WeChat in Exile
In every nook and corner of Tibetan communities in India, a large number of Tibetans are becoming addicted to Tencent apps, which they use extensively. People glued to their phone screens are a common sight, and many are sending voice or video messages, playing PubG, or using other functions to communicate.་ The popularity of WeChat stems from the ease of use, as well as the fact that voice messages do not require literacy in Tibetan. This means that Tibetans who may not be able to read Tibetan can still participate in groups and share their views and ideas confidently.
In a field survey with 550 participants from across India conducted by the author in 2018, 70.90 percent of Tibetans reported using the WeChat app extensively to connect with their family in Tibet, diaspora and abroad. And WeChat is reportedly only gaining popularity in Tibetan communities in exile.
A Tibetan roadside vendor at McLodganj explains:
My parents are in Tibet and calls are expensive. Being deprived of formal education, I was introduced to a software called WeChat by my friend in 2012. I found it is just user friendly and does not necessarily require a fast internet connection and literacy. Since then I have been using this application. I can hold a button and talk to my family and relatives in any way at any time. I can get updates on many news and information. I even joined some chat groups and actively participated during the 2016 Tibetan election by airing my views.
But I strongly believe that I am under surveillance since the application is made in China. I rarely talk about and post any political related messages and images on my feed.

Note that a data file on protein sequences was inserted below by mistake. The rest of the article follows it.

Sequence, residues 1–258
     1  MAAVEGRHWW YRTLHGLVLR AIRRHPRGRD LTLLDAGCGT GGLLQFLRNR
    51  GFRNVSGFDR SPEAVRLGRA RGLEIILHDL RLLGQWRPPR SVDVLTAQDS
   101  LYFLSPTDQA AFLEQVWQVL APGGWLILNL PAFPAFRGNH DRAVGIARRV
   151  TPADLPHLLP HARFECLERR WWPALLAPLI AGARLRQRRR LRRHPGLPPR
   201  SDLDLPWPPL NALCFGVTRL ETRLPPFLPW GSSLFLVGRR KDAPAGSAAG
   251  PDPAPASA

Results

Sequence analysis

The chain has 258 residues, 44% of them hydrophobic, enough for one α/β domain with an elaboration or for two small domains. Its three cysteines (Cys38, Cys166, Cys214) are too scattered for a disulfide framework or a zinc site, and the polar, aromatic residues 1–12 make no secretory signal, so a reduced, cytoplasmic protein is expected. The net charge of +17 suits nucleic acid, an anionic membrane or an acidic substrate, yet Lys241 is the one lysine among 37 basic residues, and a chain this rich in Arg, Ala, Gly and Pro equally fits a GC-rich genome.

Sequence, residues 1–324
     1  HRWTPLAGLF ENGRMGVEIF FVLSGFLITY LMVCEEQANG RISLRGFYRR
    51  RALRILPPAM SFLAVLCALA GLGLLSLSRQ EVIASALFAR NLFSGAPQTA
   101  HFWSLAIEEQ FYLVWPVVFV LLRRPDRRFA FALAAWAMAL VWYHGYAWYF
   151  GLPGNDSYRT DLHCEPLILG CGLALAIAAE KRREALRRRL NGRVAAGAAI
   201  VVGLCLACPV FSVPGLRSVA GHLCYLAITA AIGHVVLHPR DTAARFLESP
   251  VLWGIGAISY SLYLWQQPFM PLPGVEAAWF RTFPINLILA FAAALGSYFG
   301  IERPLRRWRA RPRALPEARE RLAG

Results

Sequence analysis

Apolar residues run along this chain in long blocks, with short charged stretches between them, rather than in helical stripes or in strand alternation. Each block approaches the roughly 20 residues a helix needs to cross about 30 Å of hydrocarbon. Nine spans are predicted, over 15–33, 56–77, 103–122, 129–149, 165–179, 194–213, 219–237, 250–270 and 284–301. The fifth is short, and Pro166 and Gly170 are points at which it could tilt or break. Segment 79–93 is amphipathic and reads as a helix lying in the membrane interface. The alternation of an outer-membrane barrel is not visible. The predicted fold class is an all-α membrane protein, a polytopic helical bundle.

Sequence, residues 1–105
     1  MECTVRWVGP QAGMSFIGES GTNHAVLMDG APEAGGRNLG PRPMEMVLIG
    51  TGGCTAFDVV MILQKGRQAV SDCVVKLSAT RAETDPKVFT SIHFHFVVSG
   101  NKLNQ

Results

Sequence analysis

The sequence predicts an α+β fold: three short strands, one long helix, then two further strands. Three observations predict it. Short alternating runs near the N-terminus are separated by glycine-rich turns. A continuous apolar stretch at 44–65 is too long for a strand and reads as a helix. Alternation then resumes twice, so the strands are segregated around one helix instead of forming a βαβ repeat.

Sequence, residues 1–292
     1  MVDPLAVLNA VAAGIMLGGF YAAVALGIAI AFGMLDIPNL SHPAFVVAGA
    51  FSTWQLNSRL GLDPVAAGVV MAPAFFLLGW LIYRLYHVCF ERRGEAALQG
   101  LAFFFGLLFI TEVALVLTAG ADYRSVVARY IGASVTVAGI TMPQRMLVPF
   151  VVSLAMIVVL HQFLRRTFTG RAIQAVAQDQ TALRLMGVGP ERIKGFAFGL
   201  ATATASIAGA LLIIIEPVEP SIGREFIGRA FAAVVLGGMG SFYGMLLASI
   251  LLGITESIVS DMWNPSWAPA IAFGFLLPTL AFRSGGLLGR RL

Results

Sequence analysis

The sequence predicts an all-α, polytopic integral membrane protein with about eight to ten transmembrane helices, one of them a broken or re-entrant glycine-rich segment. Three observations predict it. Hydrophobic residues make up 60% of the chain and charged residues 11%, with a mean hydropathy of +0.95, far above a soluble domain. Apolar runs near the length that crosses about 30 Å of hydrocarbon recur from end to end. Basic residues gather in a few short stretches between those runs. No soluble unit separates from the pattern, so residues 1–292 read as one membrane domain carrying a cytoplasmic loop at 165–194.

Another Tibetan man I spoke to explained to me how his family in Tibet would talk with him on WeChat almost daily. But surprisingly, one day he found that he had been removed from the family group chat, and that his parents had blocked him without any further explanation. He was notified that they were changing their profile pictures and status on WeChat, but was unable to send a message or get in touch with them thereafter. This incident has left him with questions — he assumes that the Chinese cyber police might have warned his family against contacting someone outside of Tibet.
WeChat and Beijing
As a company based in China, WeChat is subject to state laws on content control, and while WeChat claims to be end-to-end encrypted, there is a significant evidence to suggest that client-side censorship based on keyword and surveillance is prevalent, including erasing messages that are deemed politically sensitive issues.
One Tibetan girl, who went from Lhasa to study abroad in Europe, told me why she quit WeChat. When she was at home, she created a chat group and invited 30 of her classmates on it for a dinner party. Soon after, to her horror, she was called in by government officials for severe interrogation, and warned against creating any future chat groups for classmates. Later, out of frustration with the lack of privacy, she eventually quit WeChat. She further explains, “I felt insecure after the interrogation and became very cautious. I realized that the Chinese apps are absolutely not safe.”